New powers to vet online adverts
People who use the internet are about to get a new opportunity to complain about company websites.
From 1 March, consumers are being invited to make official objections about indecent or misleading information on the internet.
They will be able to complain to the Advertising Standards Authority (ASA), which is taking on new powers to regulate commercial websites.
Up to now the ASA has only been able to monitor traditional advertising.
These were generally on billboards, in newspapers or on television.
From the start of March, the ASA will be able to police any statement on a company's website which could be interpreted as marketing, even if it is not a paid-for advert.
"The principle that ads have to be legal, decent, honest and truthful is now going to extend to companies' claims on their own websites," said Matt Wilson, of the ASA.
Earlier this month, for example, the ASA ruled that an Yves St Laurent perfume advert was unfit for broadcast on television.
It showed a woman stroking her own arm, and writhing around on the floor.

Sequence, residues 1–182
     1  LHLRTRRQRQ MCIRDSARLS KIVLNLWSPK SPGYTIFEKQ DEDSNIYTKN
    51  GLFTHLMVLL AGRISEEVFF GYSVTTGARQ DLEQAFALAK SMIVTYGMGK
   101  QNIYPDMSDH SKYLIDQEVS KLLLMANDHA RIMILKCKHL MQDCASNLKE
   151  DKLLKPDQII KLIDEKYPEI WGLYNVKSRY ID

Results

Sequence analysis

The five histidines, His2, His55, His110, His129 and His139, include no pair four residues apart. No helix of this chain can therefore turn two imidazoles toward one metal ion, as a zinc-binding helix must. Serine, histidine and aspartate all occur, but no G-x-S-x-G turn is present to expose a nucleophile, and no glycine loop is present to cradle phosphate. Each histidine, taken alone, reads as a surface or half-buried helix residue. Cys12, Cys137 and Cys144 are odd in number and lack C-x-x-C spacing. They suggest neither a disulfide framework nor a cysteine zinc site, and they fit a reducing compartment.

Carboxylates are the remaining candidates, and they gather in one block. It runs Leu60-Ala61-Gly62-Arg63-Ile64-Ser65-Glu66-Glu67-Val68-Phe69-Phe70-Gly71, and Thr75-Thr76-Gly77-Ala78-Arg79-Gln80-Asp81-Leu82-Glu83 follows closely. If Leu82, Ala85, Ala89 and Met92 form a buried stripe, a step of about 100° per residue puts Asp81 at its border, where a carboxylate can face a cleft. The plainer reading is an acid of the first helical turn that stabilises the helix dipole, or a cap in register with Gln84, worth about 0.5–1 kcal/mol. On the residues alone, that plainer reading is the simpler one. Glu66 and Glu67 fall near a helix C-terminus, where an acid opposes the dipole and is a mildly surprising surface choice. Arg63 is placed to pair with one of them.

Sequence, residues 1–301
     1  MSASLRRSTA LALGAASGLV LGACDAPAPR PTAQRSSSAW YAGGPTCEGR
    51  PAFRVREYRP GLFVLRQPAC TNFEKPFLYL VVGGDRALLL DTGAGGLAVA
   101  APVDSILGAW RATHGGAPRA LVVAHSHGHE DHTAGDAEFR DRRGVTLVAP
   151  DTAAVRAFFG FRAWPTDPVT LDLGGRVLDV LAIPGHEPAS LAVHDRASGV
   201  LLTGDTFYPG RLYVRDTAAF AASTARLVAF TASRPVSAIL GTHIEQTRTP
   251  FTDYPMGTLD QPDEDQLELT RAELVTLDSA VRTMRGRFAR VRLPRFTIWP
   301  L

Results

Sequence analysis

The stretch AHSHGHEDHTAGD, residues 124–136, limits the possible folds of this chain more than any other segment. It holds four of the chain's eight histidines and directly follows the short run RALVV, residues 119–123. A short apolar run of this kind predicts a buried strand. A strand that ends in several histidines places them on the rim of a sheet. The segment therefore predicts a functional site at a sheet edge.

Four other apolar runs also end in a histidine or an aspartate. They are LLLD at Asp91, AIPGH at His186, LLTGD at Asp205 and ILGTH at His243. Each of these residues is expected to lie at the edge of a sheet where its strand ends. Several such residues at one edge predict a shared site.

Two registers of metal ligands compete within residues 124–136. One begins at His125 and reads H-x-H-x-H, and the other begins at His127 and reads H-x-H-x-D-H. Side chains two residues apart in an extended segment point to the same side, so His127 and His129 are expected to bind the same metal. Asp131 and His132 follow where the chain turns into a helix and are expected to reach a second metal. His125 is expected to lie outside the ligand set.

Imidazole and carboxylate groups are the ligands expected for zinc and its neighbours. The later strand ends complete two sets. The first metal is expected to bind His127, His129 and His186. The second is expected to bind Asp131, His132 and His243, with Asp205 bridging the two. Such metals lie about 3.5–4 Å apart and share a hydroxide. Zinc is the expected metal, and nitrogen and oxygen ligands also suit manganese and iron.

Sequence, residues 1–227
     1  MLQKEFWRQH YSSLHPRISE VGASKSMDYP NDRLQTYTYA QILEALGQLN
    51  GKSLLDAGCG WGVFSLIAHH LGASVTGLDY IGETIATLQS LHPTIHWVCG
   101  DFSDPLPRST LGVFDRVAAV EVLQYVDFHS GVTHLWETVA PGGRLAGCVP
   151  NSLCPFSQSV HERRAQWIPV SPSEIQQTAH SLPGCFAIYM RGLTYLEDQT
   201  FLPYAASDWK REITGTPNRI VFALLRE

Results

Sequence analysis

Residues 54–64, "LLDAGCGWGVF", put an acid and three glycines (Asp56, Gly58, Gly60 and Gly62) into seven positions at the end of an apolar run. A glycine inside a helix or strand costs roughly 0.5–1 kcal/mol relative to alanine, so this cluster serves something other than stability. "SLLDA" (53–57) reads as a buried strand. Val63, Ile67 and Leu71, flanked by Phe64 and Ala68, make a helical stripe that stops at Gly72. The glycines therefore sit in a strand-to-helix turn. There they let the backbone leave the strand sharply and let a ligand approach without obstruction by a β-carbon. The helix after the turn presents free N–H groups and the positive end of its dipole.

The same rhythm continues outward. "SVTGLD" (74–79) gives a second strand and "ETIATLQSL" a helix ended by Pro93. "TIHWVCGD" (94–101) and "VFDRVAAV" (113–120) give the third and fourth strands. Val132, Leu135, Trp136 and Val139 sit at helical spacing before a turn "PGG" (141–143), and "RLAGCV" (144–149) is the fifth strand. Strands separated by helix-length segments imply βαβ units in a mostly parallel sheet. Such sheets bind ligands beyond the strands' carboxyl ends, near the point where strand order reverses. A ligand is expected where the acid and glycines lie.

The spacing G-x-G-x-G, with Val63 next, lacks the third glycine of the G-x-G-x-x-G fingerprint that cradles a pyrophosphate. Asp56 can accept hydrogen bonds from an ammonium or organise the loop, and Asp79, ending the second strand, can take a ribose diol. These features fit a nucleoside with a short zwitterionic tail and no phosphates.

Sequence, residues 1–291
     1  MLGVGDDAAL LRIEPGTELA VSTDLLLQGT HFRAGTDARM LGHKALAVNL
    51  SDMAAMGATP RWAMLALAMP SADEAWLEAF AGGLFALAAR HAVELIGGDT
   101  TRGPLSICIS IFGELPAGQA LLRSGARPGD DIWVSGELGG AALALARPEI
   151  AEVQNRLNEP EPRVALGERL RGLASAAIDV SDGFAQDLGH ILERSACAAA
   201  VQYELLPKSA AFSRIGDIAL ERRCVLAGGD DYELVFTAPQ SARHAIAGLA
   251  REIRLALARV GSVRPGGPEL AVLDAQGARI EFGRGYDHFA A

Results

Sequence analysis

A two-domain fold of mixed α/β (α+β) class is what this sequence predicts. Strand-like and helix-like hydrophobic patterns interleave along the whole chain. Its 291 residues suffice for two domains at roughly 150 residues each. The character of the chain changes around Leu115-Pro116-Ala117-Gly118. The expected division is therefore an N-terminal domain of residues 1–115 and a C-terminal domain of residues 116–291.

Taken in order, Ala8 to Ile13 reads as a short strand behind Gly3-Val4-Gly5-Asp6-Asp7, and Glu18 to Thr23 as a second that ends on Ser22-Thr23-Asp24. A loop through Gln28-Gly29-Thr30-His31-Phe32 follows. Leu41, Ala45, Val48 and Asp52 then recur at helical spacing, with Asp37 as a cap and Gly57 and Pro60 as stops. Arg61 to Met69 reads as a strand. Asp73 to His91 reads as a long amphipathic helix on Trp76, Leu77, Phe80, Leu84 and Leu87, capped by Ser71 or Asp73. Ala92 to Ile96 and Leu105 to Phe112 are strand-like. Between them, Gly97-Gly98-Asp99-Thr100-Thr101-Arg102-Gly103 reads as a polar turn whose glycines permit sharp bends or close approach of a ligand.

The ASA said the advert "simulated drug use", and its use on television was banned.
Under the current rules, however, the company would be entitled to use the same advert on its website, without fear of redress.
In fact the advert still appears on the Yves St Laurent UK website, but with a couple of "offending" shots removed.
In another ruling this year, the ASA decided that a regional television advert for the Metrocentre on Tyneside breached the advertising code.
The Gateshead shopping centre had claimed that it was "the best shopping centre in Britain".
The ASA said that claim was based on a three-year-old survey, which was misleading.
However a quick look at the Metrocentre's website shows that they are still claiming to be the best in the country.
That is acceptable within the current rules, but should anyone complain after 1 March, the ASA would have to look at it again.
"I think anyone with a website needs to have a fresh look at it, and say 'am I totally happy about that?' " said Ian Twinn of ISBA, the industry body which represents British advertisers.
"Certainly if you have had a claim ruled against you by the ASA, now is a very good time to put that right before 1 March."
The ASA has spent a year preparing for the change, and is expecting a large number of extra complaints.
Last year 2,500 people complained about website content, but under the old rules their objections were not admissible.
"With 2,500 complaints, this does not mean they will all be upheld," said Mr Wilson.
Nevertheless the ASA is expanding staff numbers by 10%, to cope with the extra workload.